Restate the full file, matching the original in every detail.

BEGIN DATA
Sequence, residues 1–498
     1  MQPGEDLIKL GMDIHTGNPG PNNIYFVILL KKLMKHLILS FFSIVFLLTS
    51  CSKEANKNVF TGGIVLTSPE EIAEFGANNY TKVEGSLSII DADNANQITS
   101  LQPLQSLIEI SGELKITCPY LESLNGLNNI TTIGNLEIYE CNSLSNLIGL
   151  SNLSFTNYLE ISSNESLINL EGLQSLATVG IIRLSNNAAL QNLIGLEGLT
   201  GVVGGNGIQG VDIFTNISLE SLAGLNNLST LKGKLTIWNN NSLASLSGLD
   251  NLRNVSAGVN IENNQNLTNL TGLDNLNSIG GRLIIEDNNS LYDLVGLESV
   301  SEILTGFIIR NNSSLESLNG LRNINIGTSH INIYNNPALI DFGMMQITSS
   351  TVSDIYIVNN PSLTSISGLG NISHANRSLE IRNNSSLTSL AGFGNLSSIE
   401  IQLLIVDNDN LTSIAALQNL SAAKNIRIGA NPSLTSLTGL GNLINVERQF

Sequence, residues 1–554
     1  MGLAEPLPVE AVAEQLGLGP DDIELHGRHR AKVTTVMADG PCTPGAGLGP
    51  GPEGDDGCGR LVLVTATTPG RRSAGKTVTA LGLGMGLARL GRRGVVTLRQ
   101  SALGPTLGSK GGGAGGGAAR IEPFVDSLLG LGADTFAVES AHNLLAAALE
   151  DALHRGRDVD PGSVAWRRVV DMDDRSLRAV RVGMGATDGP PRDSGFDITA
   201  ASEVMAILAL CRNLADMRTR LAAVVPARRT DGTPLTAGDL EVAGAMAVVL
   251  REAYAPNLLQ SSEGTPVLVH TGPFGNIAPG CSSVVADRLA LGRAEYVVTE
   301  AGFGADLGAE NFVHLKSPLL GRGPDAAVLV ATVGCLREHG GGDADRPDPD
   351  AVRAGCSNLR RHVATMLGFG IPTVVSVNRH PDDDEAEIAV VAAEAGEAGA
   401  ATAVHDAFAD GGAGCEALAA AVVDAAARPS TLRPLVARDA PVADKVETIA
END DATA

Sequence, residues 1–498
     1  MQPGEDLIKL GMDIHTGNPG PNNIYFVILL KKLMKHLILS FFSIVFLLTS
    51  CSKEANKNVF TGGIVLTSPE EIAEFGANNY TKVEGSLSII DADNANQITS
   101  LQPLQSLIEI SGELKITCPY LESLNGLNNI TTIGNLEIYE CNSLSNLIGL
   151  SNLSFTNYLE ISSNESLINL EGLQSLATVG IIRLSNNAAL QNLIGLEGLT
   201  GVVGGNGIQG VDIFTNISLE SLAGLNNLST LKGKLTIWNN NSLASLSGLD
   251  NLRNVSAGVN IENNQNLTNL TGLDNLNSIG GRLIIEDNNS LYDLVGLESV
   301  SEILTGFIIR NNSSLESLNG LRNINIGTSH INIYNNPALI DFGMMQITSS
   351  TVSDIYIVNN PSLTSISGLG NISHANRSLE IRNNSSLTSL AGFGNLSSIE
   401  IQLLIVDNDN LTSIAALQNL SAAKNIRIGA NPSLTSLTGL GNLINVERQF

Sequence, residues 1–554
     1  MGLAEPLPVE AVAEQLGLGP DDIELHGRHR AKVTTVMADG PCTPGAGLGP
    51  GPEGDDGCGR LVLVTATTPG RRSAGKTVTA LGLGMGLARL GRRGVVTLRQ
   101  SALGPTLGSK GGGAGGGAAR IEPFVDSLLG LGADTFAVES AHNLLAAALE
   151  DALHRGRDVD PGSVAWRRVV DMDDRSLRAV RVGMGATDGP PRDSGFDITA
   201  ASEVMAILAL CRNLADMRTR LAAVVPARRT DGTPLTAGDL EVAGAMAVVL
   251  REAYAPNLLQ SSEGTPVLVH TGPFGNIAPG CSSVVADRLA LGRAEYVVTE
   301  AGFGADLGAE NFVHLKSPLL GRGPDAAVLV ATVGCLREHG GGDADRPDPD
   351  AVRAGCSNLR RHVATMLGFG IPTVVSVNRH PDDDEAEIAV VAAEAGEAGA
   401  ATAVHDAFAD GGAGCEALAA AVVDAAARPS TLRPLVARDA PVADKVETIA